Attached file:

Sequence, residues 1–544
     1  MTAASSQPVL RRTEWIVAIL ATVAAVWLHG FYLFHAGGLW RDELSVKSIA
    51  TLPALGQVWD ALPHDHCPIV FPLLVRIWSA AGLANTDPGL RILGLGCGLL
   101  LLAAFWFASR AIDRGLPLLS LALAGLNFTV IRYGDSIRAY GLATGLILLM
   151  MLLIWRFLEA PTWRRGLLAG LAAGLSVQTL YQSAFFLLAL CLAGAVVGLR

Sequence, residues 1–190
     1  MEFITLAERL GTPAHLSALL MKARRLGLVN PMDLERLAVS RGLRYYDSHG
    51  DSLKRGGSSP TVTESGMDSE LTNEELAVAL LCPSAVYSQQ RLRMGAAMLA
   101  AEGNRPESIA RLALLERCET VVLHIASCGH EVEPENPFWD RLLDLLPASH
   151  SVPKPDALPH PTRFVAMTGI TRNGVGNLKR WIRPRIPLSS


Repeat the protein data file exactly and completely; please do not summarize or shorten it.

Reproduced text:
Sequence, residues 1–544
     1  MTAASSQPVL RRTEWIVAIL ATVAAVWLHG FYLFHAGGLW RDELSVKSIA
    51  TLPALGQVWD ALPHDHCPIV FPLLVRIWSA AGLANTDPGL RILGLGCGLL
   101  LLAAFWFASR AIDRGLPLLS LALAGLNFTV IRYGDSIRAY GLATGLILLM
   151  MLLIWRFLEA PTWRRGLLAG LAAGLSVQTL YQSAFFLLAL CLAGAVVGLR

Sequence, residues 1–190
     1  MEFITLAERL GTPAHLSALL MKARRLGLVN PMDLERLAVS RGLRYYDSHG
    51  DSLKRGGSSP TVTESGMDSE LTNEELAVAL LCPSAVYSQQ RLRMGAAMLA
   101  AEGNRPESIA RLALLERCET VVLHIASCGH EVEPENPFWD RLLDLLPASH
   151  SVPKPDALPH PTRFVAMTGI TRNGVGNLKR WIRPRIPLSS